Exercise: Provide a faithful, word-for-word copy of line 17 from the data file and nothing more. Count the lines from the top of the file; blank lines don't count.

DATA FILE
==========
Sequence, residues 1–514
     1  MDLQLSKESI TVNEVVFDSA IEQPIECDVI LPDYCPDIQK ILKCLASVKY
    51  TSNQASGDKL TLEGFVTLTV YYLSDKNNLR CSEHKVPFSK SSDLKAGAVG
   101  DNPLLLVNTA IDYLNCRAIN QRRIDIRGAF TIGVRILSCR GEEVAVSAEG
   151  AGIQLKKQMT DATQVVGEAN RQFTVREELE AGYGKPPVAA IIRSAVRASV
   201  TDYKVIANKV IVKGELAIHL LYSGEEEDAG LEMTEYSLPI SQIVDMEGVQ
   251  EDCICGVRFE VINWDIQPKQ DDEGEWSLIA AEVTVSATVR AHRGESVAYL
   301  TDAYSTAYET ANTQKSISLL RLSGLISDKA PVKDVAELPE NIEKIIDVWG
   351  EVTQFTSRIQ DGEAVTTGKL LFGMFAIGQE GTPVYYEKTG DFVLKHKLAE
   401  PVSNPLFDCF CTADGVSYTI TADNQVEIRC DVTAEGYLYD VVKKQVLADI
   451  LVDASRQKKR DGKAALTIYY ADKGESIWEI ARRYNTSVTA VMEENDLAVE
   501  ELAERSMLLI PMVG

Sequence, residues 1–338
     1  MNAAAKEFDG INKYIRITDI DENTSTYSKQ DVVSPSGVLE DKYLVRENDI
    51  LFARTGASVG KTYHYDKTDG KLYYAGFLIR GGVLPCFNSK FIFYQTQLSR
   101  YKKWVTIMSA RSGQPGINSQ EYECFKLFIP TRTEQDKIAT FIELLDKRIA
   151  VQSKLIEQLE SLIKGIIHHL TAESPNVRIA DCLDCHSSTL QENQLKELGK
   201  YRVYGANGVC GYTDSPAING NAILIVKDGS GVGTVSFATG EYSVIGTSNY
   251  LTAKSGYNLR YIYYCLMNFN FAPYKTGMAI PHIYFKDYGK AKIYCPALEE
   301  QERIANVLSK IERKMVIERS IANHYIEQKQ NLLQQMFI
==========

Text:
   151  VQSKLIEQLE SLIKGIIHHL TAESPNVRIA DCLDCHSSTL QENQLKELGK